I save my love for what stays.

The italicized lines are from the poem "I Save My Love" by Marjorie Saiser, of Wild Writing.

Tuesday, November 21, 2023

Days That Will Not Come Again


Where there was something and suddenly isn't
- a beach, a forest, the song of the surf,
the crash of waves on shore,
sunset sinking below the horizon,
running through the wild world 
with a big black laughing dog -
absence becomes a presence
that fits into a corner of our hearts.
Heart walls expand to make room
for the memories, watered with tears,
that come, unbidden, at random moments.
There is an ache, a missing, that feels 
almost as strong as the presence did,
for we are remembering Joy
from a place of less-than-joy.
We are remembering love
from a place of loss-of-the-beloved.
We are remembering companionship
and feeling the pining of our solitary soul.

Where there was something and suddenly isn't
we have to work hard to
remember gratitude, recognize enough-ness,
look up at the sky and trail
the eagle's flight with our eyes,
seek out riversong or a place of salt and sea.
We somehow learn to make a space for sorrow
inside our aching chests,
and place our love and remembering there,
glad that we recognized joy
and fullness of soul when we had it,
though everything after has been muted,
tinted grey and sepia,
compared to those golden,
radiant, long-gone wild
wilderness days
that will never,
     will not ever
         come again.

The two italicized lines are from Naomi Shihab Nye's poem Burning the Old Year .

Sharing this at  What's Going On,  where Sumana's prompt on Wednesday is Memory / Remembering.



The small things I do to help the earth
feel so insignificant, compared to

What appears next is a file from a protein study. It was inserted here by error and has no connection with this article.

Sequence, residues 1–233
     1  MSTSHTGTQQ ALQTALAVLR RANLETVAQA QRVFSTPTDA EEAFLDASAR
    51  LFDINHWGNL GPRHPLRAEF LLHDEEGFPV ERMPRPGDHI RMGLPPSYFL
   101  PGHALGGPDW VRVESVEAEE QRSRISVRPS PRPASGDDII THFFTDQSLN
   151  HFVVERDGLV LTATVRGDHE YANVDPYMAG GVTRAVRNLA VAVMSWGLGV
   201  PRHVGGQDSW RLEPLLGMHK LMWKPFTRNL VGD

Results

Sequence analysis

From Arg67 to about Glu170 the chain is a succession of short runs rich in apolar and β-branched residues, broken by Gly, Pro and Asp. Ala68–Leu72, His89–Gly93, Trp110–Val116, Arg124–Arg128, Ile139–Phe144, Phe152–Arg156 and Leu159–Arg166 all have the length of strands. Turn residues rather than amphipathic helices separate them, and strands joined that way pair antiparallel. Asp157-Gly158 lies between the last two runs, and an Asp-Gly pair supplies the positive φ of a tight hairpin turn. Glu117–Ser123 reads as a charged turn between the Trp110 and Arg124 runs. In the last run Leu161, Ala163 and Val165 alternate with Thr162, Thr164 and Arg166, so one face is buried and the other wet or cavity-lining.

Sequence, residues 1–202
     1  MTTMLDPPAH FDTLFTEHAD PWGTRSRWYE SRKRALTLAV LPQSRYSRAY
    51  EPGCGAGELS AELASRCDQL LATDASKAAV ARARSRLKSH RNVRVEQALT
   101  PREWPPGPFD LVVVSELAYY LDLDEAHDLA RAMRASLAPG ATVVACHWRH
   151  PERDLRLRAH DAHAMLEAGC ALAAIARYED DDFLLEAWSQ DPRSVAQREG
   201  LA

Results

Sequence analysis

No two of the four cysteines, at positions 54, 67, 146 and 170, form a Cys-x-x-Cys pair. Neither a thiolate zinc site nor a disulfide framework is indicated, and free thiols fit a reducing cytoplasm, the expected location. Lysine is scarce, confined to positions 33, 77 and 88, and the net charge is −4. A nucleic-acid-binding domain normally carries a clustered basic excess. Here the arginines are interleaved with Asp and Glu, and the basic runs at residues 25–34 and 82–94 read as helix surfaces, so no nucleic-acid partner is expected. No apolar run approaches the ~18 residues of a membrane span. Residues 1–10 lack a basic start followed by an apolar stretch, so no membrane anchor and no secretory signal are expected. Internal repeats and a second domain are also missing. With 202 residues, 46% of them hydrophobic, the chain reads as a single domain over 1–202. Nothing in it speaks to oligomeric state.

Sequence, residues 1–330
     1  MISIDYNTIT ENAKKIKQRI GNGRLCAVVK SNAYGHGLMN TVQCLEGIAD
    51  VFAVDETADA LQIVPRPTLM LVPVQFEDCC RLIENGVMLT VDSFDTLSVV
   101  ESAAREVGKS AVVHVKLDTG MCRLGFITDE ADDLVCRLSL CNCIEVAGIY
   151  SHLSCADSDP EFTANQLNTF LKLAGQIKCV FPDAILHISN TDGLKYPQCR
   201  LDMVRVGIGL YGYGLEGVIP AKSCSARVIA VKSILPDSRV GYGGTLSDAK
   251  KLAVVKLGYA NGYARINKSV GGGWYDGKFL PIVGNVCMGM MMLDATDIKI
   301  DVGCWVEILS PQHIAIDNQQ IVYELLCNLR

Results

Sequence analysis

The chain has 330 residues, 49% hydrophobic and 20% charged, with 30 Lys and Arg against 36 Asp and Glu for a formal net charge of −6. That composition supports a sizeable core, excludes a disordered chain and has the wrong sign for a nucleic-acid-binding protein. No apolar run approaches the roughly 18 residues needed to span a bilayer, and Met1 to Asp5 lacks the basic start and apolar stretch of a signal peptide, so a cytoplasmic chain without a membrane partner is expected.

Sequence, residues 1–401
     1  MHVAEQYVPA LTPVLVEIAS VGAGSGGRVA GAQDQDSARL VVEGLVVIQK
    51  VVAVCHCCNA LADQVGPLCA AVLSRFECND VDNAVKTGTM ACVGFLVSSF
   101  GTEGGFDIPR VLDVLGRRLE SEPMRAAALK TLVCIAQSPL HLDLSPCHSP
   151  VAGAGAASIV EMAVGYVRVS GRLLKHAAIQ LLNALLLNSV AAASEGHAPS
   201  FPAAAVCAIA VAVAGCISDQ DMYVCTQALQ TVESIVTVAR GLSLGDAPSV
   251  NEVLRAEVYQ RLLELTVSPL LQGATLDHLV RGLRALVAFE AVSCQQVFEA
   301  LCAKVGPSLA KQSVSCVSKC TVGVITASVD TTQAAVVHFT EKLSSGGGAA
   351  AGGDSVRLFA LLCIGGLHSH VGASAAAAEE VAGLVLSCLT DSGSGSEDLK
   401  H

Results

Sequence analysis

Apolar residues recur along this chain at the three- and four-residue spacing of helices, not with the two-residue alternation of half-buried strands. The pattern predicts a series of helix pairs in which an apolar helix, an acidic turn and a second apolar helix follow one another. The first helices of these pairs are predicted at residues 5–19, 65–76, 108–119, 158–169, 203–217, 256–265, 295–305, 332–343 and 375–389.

what needs to be done - especially
when the worst corporate offenders
are doing nothing.

The poems I write - pleas sent out
into the universe (which hears them) -
do little good, when world leaders,
corporations, the offensively wealthy,
cling to capitalism, even at the price
of every other living being's survival.

And yet we keep on keeping on
because giving up is not an option,
even when
scientific voices grow more urgent,
because we love the earth, and
what we love we try to save.
And because what we save
saves us.

For  Rajani's climate series. 

A message I have written about before but it doesn't hurt to repeat it.

Monday, November 20, 2023



Chris Lowther photo

Wind whispers
through the canopy
like lake ripples
through the trees

Small leaves spiral
thick as raindrops,
pixies dancing
on the breeze

Sunlight consecrating trees -
almost I hear an organ sound:
I, pilgrim and acolyte,
the golden forest
hallowed ground

Birch bark like ancient manuscript
writ by a gnarled and pointy hand
tells tales of olden times long-gone,
bygone days upon the land

Once again, the breeze-song swells,
upon the wind a hymn of praise:
to these blessed simple days,
these days we have,
a hymn of praise.


Praise the amber sunlight in late afternoon,
burnishing the forest golden.
Praise the eagle,
swooping twice overhead.
When I called out to her, "Beautiful!"
she fluttered her wingtips at me
in response.

Praise the stately cherry trees out front,
who have shed their leaves,
going into their winter sleep,
who will burst forth
in white and tender blossoms
next spring.

Praise Brother Bear, his big paw
reaching into the river
in search of one last salmon
before his winter nap.
And praise Sister Wolf,
who is teaching her cubs
the forest trails
and how to find their hidden den.

Praise those who are caring for
the suffering, in impossible situations,
under a bomb-filled sky,
and praise those who are trying
to find a way to bring this horror
to a merciful end.
(May all killing stop. Praise be.)

Praise our peaceful day
on this side of the world,
with which we mend our tattered hearts,
so we can hold this aching world
and bear what is too heavy to lift,
because what we care about,
we try to save,
and what we save
saves us.

Praise what we can,
in this world so full of pain
and heartbreaking beauty.
May Mother Earth receive our love
and carry it on winds of change
across the sky
to silence and still
the guns and bombs,
the inhumanity
of war.


"In certain ways, writing is a form of prayer." Denise Levertov. The first poem came to me as I was walking a forest trail. I sped up, to get to my car and paper and pen before I forgot the words. The second is a praise poem, inspired by "Praise Song" by Barbara Crooker.